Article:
I took a jog, pushing on the stroller. My baby screamed, so I hushed him with a bottle. It was up and down, around, and fields were gold. Old buildings of stone reminded me of movies. Sheep baahed and I baahed back, pushing on the jogger. I was new to divorce. I could run far. I’d gone miles, finding Bourton-on-the-Water. I saw paved sidewalks, pubs. My baby woke, throwing out his bottle. Something banged. Things fell from the sky and he laughed.
The first sentence immediately conjures up a character, and his or her detachment. The next introduces some tension between the child and, presumably, his parent. The run, described simply as “up and down, around,” suggests a kind of fatigue, a phlegmatic surrender to routine. I like the rhyming of the third sentence’s last word “gold” with “Old,” the fourth sentence’s first, and, combined with the word “stone,” this chiming, this “oh, oh, oh,” suggests a kind of welling up. The narrator’s echoing the sheep is almost funny, but it’s really a perfunctory response, and therefore in keeping with the story’s mood. And then Chinquee drops the bomb: “I was new to divorce.” It’s a powerful and perfectly placed pivot that opens the story up, or, rather, rips it wide open.
The stories in Oh Baby are orchestrated to flow seamlessly into each other. There are direct but still unobtrusive connections, like how one story, “January Usual,” ends with the couple waiting for a repairman,” and the following story, “Needlestick,” begins with a woman waiting in an emergency room. “Slot Machine” ends with a woman getting “behind the wheel of a very nice car” and the next story, “We Were Ready for a Ballroom,” begins with a family driving away from their church. But there are other, more subtle connections, threads that are woven throughout: certain characters, though nameless, often return, and certain circumstances like the aforementioned running, and also working at a blood bank, life on a military base, life as a mother, recur, suggesting that these are linked stories.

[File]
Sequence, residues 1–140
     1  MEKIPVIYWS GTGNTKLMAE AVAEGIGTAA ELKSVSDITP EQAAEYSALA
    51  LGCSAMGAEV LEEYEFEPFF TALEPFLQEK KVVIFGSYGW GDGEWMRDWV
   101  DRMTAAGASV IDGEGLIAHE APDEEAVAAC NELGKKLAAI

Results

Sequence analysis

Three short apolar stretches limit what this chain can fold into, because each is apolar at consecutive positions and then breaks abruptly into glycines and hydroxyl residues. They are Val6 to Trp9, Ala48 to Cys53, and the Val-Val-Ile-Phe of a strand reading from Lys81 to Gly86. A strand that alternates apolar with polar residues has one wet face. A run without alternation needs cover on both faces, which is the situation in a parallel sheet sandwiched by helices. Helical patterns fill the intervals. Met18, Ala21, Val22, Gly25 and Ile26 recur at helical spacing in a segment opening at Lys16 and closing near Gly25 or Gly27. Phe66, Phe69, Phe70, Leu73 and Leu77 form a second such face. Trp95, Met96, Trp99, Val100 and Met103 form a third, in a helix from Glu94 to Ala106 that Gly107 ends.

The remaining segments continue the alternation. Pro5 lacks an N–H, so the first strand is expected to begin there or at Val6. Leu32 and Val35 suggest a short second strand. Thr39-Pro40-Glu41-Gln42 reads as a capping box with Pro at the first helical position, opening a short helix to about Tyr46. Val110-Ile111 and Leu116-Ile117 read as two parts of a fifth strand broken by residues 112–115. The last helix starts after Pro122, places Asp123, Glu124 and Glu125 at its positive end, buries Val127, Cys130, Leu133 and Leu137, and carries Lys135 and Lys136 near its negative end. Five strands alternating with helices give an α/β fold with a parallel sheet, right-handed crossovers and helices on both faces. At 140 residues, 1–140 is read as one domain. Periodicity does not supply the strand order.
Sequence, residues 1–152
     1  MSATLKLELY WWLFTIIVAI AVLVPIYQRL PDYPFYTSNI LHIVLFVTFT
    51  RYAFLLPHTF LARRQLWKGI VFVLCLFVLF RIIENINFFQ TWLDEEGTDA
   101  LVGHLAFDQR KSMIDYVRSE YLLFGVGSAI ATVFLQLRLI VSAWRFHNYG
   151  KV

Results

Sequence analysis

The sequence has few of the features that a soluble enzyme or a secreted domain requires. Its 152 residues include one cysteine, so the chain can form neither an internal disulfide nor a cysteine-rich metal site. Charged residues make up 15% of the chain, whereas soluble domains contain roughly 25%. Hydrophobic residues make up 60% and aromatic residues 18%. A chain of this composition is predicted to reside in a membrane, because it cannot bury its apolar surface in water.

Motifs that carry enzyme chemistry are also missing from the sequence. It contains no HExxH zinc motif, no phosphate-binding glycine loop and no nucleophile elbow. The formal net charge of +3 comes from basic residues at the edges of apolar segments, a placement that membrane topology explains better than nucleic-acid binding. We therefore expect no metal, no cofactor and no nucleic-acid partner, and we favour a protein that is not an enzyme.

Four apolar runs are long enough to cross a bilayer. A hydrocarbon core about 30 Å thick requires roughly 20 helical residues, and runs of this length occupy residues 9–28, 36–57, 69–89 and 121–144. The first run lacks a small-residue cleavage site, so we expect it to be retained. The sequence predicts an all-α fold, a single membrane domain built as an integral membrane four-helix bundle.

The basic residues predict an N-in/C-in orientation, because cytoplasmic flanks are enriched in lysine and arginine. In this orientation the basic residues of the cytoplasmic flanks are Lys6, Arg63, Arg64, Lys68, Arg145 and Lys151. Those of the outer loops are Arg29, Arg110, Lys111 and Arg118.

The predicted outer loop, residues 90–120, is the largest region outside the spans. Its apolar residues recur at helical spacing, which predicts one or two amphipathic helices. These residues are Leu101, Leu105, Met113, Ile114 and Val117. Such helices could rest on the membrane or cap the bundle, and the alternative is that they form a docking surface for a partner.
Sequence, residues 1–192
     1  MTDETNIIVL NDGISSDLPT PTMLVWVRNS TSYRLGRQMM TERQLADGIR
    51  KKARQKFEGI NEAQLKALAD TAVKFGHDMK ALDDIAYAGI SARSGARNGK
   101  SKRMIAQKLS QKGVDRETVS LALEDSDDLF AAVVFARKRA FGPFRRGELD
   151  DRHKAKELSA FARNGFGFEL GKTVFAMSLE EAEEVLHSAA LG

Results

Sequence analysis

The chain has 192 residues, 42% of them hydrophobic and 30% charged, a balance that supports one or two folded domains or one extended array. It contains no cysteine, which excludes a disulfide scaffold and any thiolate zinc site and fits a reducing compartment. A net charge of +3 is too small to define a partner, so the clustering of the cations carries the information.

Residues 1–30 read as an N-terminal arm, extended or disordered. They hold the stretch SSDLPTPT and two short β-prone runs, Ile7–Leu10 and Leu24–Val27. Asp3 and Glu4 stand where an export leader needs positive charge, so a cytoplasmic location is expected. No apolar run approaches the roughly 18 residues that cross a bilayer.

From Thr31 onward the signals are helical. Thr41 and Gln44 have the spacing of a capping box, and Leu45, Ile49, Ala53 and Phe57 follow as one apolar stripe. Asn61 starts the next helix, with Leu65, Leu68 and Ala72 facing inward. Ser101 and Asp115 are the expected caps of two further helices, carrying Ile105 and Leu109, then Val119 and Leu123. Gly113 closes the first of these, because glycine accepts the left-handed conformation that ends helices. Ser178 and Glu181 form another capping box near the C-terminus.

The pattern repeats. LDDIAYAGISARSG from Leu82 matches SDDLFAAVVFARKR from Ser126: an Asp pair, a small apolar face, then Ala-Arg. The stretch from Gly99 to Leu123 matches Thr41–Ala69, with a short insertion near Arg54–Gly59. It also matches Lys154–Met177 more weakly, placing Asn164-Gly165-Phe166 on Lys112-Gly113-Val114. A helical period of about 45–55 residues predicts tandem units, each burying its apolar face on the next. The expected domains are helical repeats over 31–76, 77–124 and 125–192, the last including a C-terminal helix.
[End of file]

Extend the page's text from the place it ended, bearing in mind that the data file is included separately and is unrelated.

Chinquee is much like the narrator of “History” who “penetrated people’s histories.” And she neither wastes nor minces words. In “Catch,” a character recalls going fishing and “catching nothing worth keeping.” The last sentence in “Wagon” is devastating: “We added to the whole pile, ridding ourselves.” There are the unfortunate rabbits that “thumped and did a bump-bump-bump” in “Bunny.” (Such assonantal and alliterative glee brings to mind the famed line in Wallace Steven’s “A High-Toned Old Christian Woman”: “Such tink and tank and tunk-a-tunk-tunk”.) And there’s the zinger in “Zelda”: “She was blonde and infomercial.” Chinquee’s sentences sometimes seem lit from within, evanescent like watercolor swatches fading in the sunlight; there is a grace and a precision to these lines. It’s a testament to Chinquee’s facility that though her stories pare away all the stuff and fluff what’s left isn’t a cold bony thing, but something raw and fleshy, something observably human.
Chinquee’s short shorts and prose poems are mercurial miniatures: they quickly shift from place to thought, image to dialogue. Her stories are like those of the character in “Tracks” whose “stories went on, went on, becoming more haunting and disastrous, faster in their tracks.” And though most of these stories are about parenting or working in a blood bank, about running, about people on the mend, skeletons in the closet, and elephants in the room, there is at least one story that completely flips the script: Check out “Wig” and you’ll see what I mean.